Even experts acknowledge that only a minority  of HCV patients will develop serious complications.  I'm not persuaded that we have a reliable method to determine who will progress and who won't. And if we did, how firm is the evidence that treating a patient who is destined for cirrhosis will avert this outcome?  Those who believe in HCV treatment will find data to support their view and practice.  And those of who are skeptics will do the same.  That's the beauty of medicine.  There's always conflicting studies to choose from to support any view.

What would Newton say?

Many of my HCV patients can date with some precision when they contracted the virus.  The event may have been a blood transfusion decades ago or from intravenous drug use during a youthful period of hard times and bad judgement. Many of these patients, therefore, have had the virus for decades and are not suffering any ill effects.  While I cannot guarantee a sanguine outcome, I view this in Newtonian terms.

An HCV virus that is asleep tends to remain asleep.

Other physicians don't share my approach and may be dismissive of my nihilism. I wonder how many of them would accept a treatment with enormous toxicity and cost for themselves as readily as they prescribe it to others?  This question applies to all physicians, including me, who prescibe medicine and advise patients.  Remember, we physicians discuss the risks of all treatments with patients in advance. But, we don't suffer the complications.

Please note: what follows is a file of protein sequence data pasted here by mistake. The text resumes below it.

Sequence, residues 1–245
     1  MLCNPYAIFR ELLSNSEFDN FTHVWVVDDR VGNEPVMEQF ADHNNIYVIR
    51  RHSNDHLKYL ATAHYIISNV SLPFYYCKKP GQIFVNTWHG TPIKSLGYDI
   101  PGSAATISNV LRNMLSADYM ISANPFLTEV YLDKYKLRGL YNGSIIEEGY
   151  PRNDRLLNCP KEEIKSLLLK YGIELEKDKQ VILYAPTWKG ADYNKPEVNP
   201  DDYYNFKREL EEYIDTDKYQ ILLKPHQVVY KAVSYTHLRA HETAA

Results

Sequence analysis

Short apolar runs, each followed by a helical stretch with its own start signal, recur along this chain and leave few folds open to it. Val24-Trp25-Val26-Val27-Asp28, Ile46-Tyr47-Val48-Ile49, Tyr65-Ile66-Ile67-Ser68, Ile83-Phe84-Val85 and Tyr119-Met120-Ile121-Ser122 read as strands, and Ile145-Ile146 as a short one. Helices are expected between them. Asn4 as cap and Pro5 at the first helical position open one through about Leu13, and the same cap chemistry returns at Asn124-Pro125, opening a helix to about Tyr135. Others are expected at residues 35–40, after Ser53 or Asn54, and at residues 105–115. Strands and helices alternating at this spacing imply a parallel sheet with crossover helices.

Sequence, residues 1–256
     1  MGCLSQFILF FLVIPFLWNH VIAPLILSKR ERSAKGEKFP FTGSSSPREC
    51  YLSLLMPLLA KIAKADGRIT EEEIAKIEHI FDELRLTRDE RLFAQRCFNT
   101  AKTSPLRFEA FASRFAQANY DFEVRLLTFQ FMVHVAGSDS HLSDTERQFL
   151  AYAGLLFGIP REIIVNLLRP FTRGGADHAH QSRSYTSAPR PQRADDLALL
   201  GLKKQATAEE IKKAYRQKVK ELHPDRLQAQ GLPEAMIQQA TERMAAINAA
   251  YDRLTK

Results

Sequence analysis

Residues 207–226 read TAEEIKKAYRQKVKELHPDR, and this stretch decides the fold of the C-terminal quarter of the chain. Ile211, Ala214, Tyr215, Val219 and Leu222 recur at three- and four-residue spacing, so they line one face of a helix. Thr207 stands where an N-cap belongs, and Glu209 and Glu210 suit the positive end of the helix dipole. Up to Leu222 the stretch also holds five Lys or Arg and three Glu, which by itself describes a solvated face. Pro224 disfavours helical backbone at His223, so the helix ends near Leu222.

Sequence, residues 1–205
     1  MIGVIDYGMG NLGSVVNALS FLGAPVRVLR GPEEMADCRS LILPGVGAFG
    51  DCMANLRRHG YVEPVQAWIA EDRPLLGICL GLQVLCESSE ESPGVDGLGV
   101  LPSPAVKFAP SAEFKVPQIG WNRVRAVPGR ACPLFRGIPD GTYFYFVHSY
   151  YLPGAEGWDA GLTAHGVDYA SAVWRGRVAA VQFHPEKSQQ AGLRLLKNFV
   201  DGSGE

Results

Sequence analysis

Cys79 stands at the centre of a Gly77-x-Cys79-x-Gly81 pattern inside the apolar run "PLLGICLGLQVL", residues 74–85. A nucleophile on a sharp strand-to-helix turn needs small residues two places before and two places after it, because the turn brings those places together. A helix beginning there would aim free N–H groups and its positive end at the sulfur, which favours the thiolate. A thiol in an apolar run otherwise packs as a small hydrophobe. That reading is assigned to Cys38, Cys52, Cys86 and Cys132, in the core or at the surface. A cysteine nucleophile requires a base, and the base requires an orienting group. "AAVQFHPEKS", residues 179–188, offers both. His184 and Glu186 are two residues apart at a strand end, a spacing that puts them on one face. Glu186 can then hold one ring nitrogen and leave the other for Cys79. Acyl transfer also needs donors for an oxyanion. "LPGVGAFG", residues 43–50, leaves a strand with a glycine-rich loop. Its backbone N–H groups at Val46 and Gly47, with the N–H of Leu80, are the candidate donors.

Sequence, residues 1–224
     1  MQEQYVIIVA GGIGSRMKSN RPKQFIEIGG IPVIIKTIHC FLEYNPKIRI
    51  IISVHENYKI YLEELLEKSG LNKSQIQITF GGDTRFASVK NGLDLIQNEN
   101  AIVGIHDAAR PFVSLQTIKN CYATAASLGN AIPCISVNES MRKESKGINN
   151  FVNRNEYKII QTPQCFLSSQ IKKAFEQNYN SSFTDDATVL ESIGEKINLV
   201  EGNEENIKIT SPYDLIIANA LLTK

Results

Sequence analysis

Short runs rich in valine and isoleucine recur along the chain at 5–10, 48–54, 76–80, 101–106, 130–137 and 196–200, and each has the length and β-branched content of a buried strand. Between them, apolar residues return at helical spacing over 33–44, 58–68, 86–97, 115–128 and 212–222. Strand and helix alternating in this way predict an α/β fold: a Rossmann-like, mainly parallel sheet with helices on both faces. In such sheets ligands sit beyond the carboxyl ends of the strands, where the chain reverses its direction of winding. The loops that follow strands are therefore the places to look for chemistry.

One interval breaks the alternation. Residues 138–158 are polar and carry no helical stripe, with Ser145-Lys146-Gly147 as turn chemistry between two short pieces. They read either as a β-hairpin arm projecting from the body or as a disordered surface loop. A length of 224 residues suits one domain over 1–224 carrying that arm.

HCV patients, get informed.  Make sure the treatment won't be worse than the disease.

Sunday, March 4, 2012

Chardon, Ohio: Searching for Answers

Volcano - A Metaphor of Evil

This past week, I awoke to read a chilling headline in tall black letters that announced that some innocents were shot by an assailant who himself was still a boy. We read these headlines and watch related images every day as the volcanoes of evil around the world never stop spewing out their merciless lava. Why this happens is a question that tests the most erudite theologians, who must try to comfort us and help us to understand what can never be explained.